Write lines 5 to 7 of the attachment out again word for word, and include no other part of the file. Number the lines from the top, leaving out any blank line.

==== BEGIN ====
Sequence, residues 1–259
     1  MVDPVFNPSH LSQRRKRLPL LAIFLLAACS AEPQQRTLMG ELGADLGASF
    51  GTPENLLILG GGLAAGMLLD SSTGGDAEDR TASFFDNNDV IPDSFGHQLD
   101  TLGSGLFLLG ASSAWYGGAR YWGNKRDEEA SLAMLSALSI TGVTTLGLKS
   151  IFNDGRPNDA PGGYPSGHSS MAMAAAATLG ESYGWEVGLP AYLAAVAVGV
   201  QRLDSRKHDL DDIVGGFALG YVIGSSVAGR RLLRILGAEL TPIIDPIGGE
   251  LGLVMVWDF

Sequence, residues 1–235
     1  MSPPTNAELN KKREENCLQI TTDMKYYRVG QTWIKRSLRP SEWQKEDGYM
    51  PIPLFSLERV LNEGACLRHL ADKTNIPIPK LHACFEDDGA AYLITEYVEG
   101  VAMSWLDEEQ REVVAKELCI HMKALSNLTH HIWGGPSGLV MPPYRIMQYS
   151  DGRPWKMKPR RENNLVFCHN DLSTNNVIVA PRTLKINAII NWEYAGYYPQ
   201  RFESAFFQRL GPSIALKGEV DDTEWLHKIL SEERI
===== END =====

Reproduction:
   151  IFNDGRPNDA PGGYPSGHSS MAMAAAATLG ESYGWEVGLP AYLAAVAVGV
   201  QRLDSRKHDL DDIVGGFALG YVIGSSVAGR RLLRILGAEL TPIIDPIGGE
   251  LGLVMVWDF